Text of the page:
(Image: Reuters Shruti Shrestha)

Written by Michael

June 11, 2009 at 3:35 pm

The New Indian Internal Security Environment

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The figures for the past four years are out and the centre of political violence in India is shifting. The insurgencies in the North East and Kashmir have recorded declines in numbers of those killed, while the deaths of civilians, security personnel and Maoists has doubled. The absolute number of deaths recorded in the Naxal war has also exceeded that of both other internal conflicts.

The new Indian reality.

Genesis of a National Counter Terrorist Centre?

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2007092261210601I found this story through Shlok Vaidya’s great blog, Naxalite Rage (Shlok in turn got it from one of his readers). I’m not sure what to think.

Now that the Indian government’s 24 hour, Multi-Agency Centre is providing continuous, integrated tracking of terror-related data, Delhi is seeking to develop a co-ordinated response capacity through the establishment of the National Counter Terrorism Centre (NCTC).

I have slightly mixed feeling about this. There is no doubt that something along the lines of the NCTC is needed. India is one of the most terrorist affected countries in the world. They face a diverse set of threats ranging from ethnic separatism in the North-East, revolutionary Maoist in the centre and so-called ‘Islamic’ terrorism in the cities. In particular, one of the great failings of the effort to combat Naxalism has been a consequence of India’s strongly federal (qualified by the constitutional sledgehammer of president’s rule) structure. Such a system is ill-suited to combat a diffuse, ephemeral and multi-dimensional insurgency.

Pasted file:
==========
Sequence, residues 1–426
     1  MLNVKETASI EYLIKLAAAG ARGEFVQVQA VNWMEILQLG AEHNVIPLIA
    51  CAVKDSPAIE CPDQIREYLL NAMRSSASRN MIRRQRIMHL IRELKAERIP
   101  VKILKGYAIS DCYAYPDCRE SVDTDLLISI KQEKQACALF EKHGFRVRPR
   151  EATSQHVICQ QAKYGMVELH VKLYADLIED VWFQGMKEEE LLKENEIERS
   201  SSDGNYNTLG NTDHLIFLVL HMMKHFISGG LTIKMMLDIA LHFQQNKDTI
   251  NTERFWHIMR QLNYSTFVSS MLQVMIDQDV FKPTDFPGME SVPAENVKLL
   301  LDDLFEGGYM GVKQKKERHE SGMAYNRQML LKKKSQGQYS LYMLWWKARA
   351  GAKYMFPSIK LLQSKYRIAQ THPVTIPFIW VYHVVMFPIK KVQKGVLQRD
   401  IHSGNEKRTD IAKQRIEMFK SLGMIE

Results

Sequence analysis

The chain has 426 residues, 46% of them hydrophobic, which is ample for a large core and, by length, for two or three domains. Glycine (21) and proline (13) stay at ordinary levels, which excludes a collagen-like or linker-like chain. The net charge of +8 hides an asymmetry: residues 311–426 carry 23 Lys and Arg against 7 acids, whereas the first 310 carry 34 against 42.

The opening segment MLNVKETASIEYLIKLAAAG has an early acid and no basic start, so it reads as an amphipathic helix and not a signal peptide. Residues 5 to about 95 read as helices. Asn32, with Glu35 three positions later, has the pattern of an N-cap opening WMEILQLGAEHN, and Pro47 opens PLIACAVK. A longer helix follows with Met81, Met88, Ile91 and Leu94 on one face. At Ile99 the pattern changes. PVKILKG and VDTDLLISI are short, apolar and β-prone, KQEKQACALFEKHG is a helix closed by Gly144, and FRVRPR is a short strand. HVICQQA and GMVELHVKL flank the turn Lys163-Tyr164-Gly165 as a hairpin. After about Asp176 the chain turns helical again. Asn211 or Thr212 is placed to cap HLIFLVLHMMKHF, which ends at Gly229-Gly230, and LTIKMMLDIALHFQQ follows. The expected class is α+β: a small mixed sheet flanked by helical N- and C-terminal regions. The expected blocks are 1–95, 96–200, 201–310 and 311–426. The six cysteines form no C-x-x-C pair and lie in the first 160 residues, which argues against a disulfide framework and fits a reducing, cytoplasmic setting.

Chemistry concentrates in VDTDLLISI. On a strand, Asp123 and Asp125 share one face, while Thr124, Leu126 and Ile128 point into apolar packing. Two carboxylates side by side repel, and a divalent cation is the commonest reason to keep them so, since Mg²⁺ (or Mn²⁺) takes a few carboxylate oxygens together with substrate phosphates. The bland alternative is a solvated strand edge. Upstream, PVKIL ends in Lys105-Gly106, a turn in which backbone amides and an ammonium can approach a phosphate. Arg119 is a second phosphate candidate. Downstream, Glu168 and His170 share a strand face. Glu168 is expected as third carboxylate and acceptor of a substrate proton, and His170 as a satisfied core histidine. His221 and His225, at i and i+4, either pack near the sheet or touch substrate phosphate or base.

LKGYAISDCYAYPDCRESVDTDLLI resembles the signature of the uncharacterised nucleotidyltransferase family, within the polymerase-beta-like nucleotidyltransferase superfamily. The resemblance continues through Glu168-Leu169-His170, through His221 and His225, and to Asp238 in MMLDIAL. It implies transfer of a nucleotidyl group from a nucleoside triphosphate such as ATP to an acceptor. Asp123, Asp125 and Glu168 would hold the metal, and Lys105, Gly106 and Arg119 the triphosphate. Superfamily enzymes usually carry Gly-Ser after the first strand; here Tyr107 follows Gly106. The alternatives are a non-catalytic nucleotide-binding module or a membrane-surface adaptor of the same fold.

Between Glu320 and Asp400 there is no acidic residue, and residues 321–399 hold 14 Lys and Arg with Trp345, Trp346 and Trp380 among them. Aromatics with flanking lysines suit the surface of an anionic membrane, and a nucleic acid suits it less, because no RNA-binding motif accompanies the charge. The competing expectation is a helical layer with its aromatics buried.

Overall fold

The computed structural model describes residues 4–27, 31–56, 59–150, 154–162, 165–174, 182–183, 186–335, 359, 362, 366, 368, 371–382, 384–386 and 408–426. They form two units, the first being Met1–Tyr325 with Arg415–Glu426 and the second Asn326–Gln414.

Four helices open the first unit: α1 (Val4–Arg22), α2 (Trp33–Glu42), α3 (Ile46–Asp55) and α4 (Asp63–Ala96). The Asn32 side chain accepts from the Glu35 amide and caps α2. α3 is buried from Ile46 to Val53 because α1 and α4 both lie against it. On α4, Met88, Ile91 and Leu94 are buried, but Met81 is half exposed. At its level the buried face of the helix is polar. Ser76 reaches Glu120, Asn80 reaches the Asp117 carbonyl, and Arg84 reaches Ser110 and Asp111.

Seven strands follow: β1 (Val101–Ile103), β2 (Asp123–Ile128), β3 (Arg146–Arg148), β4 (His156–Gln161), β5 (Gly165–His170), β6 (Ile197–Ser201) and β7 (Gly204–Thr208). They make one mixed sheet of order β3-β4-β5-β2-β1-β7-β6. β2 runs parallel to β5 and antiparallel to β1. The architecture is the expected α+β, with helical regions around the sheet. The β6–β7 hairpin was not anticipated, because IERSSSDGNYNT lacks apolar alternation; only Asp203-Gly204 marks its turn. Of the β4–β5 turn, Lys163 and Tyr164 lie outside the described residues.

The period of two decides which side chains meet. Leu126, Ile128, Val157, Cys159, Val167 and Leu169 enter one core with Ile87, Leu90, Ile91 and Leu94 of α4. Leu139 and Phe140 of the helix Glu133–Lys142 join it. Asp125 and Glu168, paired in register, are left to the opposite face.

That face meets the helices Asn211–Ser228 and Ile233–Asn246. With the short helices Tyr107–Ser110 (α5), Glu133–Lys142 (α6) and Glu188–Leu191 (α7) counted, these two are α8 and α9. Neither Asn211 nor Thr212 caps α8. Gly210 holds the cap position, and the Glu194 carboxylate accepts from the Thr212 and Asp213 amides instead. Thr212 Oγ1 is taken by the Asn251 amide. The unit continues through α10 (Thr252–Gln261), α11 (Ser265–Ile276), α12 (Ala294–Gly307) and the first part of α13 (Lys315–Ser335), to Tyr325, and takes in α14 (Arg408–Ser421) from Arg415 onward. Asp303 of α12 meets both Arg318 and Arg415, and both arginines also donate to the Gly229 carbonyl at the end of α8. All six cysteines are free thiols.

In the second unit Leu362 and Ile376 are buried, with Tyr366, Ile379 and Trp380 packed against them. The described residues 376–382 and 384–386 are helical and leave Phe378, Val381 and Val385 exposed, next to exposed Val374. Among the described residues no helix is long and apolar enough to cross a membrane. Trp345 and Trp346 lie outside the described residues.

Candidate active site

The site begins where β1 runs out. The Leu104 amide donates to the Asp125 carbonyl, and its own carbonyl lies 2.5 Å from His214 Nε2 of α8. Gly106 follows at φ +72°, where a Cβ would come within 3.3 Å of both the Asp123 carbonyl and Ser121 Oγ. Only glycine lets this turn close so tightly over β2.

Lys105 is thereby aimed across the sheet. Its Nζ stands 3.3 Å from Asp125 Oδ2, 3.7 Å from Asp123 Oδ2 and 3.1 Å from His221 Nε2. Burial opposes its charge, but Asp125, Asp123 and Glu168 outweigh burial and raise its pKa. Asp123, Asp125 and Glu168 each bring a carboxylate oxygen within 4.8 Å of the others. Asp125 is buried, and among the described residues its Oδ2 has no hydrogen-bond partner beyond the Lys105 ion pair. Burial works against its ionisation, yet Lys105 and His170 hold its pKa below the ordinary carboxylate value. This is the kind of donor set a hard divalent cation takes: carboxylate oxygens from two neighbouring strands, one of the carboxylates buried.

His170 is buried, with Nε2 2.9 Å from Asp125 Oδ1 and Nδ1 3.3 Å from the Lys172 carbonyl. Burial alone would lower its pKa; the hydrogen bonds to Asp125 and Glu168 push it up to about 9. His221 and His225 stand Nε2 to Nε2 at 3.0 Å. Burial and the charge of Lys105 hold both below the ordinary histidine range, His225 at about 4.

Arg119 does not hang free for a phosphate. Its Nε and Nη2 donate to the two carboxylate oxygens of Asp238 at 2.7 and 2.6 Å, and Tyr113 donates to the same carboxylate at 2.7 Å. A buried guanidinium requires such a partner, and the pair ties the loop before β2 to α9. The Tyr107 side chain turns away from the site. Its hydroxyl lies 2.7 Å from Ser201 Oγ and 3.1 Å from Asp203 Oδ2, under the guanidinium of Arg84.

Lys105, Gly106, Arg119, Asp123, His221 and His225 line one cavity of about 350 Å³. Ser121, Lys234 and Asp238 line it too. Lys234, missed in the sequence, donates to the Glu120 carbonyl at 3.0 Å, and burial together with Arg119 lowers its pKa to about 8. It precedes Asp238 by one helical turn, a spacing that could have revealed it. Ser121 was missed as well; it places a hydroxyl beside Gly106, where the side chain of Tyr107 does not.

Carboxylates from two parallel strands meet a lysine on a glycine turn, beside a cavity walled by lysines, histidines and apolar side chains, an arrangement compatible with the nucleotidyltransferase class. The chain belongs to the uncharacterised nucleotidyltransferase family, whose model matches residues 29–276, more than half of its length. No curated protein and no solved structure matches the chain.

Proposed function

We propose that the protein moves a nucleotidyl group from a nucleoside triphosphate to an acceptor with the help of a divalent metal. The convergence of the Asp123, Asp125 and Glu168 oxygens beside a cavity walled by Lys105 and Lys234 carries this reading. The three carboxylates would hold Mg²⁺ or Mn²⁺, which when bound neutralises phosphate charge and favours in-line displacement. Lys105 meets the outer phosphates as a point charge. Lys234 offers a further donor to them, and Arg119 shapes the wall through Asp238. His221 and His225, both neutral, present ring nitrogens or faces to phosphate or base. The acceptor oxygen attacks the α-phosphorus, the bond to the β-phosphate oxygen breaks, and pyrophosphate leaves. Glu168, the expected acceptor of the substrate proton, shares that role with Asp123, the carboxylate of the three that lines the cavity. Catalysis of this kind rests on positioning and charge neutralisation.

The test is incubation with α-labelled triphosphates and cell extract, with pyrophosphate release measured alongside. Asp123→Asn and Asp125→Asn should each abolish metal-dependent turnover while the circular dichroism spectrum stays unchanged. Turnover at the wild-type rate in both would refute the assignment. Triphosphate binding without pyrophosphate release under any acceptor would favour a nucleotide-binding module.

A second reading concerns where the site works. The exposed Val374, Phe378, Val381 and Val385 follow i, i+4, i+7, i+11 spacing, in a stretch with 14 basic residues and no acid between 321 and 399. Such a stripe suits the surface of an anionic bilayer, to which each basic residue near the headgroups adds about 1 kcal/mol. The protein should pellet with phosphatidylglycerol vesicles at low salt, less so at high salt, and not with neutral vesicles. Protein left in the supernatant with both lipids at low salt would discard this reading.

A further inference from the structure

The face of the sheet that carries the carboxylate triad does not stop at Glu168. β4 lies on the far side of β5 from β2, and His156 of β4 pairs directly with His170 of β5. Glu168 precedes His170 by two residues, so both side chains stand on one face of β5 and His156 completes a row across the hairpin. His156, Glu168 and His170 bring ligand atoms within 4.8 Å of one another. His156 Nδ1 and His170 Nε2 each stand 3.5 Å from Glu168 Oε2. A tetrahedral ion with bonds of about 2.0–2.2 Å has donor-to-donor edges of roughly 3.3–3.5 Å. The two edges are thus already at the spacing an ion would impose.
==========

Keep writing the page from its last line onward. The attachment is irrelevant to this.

The Naxalites have exploited the lack of information-sharing and co-ordination amongst India’s states. At the most obvious level, the Naxalites have used state boundaries to launch hit and run attacks between states. Additionally, the lack of co-operation and co-ordination between the states has lead to a set of isolated, largely incoherent and ineffective responses. In this sense, the NCTC is long overdue.

On the other hand, I am uncomfortable with the way in which the NCTC will define the Naxalites and, consequently, respond in an internally consistent way. Dealing with  Naxalism as a ‘terrorist’ problem no different than, say, ISI-supported, ‘Islamic’ attacks, would be ineffective.  The two are very different beasts.

The Naxalites are, in the first instance, insurgents. They may use terrorist tactics, but, fundamentally, they have neither the structure nor the modus operandi of a terrorist group. Yes, they are networked. Yes they attack civilians. However, they do have a very rooted territorial presence which is used not only to organise attacks, but also used as a base for the construction of alternative institutions of power.

It remains to be seen how effective the NCTC becomes. Hopefully, the institution will be flexible enough to deal with the phenomenon of Naxalism as a consequence of weak state institutions, economic underdevelopmentm and social exclusion. The Naxalites can only be defeated through a combination of police/military force and government-imposed reforms.

(Image: The Hindu)